Gregory Of Tours’ Close Encounter With The Rhine

Bishop Gregory of Tours was a busy man in 585. Bouncing back and forth between the Frankish realms of King Guntram of Burgundy (r. 561-593) and King Childebert II of Austrasia (r. 570-596), he did a lot of traveling at that period of time. During one of his missions, Gregory journeyed far from his French bishopric—he found himself dining with King Childebert II in the city of Koblenz, situated along the intersection of the Rhine and the Moselle Rivers. Gregory, a historian as well as a bishop, included his own experiences in the historical text that he wrote, known as The History of the Franks. If the conversations he recorded in the text from Koblenz reflect his mission in the region, he seems to have been interested in helping King Guntram and King Childebert II organize an ecumenical council of Frankish bishops from both of their realms. Another issue, however, blocked progress on the council; King Guntram had arrested Bishop Theodore of Marseilles (a man who always seemed to be in some trouble) and Childebert II refused to move forward with the idea of the ecumenical council until Bishop Theodore was released. This stalemate went unresolved, and Bishop Gregory ultimately decided to leave from Koblenz.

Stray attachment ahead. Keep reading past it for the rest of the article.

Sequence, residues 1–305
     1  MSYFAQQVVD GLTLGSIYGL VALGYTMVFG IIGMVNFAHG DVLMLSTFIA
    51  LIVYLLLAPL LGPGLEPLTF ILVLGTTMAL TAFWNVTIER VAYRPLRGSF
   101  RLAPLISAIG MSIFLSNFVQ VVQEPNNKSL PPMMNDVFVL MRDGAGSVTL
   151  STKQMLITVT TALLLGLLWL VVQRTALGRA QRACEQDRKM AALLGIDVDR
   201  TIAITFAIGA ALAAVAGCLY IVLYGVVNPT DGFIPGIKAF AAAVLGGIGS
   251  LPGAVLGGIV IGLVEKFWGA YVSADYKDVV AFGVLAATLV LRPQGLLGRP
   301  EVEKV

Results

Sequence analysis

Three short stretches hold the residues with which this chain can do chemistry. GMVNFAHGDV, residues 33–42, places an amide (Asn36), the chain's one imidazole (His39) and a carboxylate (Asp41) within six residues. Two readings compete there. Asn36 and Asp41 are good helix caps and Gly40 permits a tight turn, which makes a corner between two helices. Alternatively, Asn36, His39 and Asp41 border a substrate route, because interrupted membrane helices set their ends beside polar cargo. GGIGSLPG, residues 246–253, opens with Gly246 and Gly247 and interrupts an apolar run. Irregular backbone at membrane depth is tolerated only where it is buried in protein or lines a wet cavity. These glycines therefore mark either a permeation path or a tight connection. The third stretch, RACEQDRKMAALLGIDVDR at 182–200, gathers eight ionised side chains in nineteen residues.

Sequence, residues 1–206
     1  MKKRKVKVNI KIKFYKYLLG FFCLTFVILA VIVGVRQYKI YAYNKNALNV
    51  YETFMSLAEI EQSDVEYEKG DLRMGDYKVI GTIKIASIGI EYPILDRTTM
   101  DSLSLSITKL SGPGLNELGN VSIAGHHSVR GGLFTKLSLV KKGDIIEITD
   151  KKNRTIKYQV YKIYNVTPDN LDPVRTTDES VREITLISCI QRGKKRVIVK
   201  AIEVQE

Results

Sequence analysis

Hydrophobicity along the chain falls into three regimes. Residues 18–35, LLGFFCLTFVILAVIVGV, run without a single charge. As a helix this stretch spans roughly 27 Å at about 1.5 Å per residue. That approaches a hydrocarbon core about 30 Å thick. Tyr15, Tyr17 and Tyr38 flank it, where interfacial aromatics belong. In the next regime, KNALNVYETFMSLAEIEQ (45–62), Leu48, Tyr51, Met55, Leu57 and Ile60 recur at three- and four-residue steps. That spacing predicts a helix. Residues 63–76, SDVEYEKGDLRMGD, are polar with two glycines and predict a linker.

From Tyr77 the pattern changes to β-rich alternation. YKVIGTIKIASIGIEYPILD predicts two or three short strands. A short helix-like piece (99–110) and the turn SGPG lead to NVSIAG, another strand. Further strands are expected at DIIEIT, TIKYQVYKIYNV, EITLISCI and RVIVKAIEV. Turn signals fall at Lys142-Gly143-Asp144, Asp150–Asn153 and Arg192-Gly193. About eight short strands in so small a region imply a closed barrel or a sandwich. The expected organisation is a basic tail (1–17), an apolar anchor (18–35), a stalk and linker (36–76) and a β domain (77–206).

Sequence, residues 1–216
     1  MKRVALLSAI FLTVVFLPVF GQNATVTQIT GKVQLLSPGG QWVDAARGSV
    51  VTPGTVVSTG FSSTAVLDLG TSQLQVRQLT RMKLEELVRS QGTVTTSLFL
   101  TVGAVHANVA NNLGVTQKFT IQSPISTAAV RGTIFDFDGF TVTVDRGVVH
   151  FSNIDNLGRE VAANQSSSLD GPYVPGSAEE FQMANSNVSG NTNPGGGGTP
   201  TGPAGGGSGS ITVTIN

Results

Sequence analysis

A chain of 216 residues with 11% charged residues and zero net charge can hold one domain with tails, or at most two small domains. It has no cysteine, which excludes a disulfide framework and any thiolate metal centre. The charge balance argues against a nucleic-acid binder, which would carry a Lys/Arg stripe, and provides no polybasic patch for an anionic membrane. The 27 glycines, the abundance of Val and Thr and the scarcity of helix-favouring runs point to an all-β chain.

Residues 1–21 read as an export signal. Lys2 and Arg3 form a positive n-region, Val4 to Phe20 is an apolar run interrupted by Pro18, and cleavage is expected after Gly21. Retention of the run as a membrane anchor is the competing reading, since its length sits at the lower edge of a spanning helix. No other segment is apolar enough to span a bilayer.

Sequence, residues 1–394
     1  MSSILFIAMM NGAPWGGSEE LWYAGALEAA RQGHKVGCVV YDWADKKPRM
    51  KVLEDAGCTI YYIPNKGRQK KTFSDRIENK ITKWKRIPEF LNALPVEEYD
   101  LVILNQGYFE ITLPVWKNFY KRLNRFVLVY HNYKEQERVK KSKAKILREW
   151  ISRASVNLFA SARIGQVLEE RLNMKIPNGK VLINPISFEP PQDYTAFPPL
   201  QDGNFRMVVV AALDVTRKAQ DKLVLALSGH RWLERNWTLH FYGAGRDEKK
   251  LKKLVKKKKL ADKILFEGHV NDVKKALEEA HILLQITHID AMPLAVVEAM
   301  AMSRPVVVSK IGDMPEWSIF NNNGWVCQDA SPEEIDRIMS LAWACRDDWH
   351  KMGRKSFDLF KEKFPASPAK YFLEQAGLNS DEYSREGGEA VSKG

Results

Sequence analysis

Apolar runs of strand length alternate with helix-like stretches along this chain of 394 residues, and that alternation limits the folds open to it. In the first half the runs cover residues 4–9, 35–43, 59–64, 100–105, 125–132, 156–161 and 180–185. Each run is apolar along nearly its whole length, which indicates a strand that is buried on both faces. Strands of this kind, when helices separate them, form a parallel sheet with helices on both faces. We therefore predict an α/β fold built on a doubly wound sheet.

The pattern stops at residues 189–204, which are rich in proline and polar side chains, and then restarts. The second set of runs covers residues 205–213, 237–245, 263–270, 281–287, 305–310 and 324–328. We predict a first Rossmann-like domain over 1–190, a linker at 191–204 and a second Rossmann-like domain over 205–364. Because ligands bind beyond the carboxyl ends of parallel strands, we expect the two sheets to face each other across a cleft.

Feeling down-to-earth that day, Gregory of Tours decided to take a public ferry at the start of his journey home. He apparently made his departure at rush-hour for riverboat travel, as he found the docks filled with a wide variety of people, all waiting impatiently for the ferry. When one such boat arrived—Gregory’s boat—all of the loitering pedestrians rushed onboard, causing a chaotic scene. In the overcrowding that ensued, the boat came very close to sinking. Gregory of Tours wrote about this dramatic and dangerous incident in his text:

“I found waiting on the bank a boat which had been made ready for me. I went on board, but a motley crowd of individuals followed me. As the boat filled with men it also filled with water. God in His omnipotence performed a miracle, for, though the boat had water up to the gunwale, it could not sink. With me I had some relics of Saint Martin, and other Saints, too. It was to their miraculous power that I owed my preservation. The boat was steered back to the banks which we had just left” (History of the Franks, VIII.14).

Ferrymen successfully brought the swamped boat back to the shore, and Bishop Gregory and the other passengers were able to step back onto dry land without any injury. While the boat was drained of water, Bishop Gregory went about ensuring that the next vessel he boarded would be a private transport. The bishop succeeded in having this arranged. He wrote, “None of the interlopers was allowed in again and I crossed the river without incident” (Gregory of Tours, History of the Franks, VIII.14).

Written by C. Keith Hansley

Picture Attribution: (Ships from the 14th-century manuscript BL Royal 20 D I, f. 176v, [Public Domain] via and Creative Commons).



  • The History of the Franks by Gregory of Tours, translated by Lewis Thorpe. New York: Penguin Classics, 1971.

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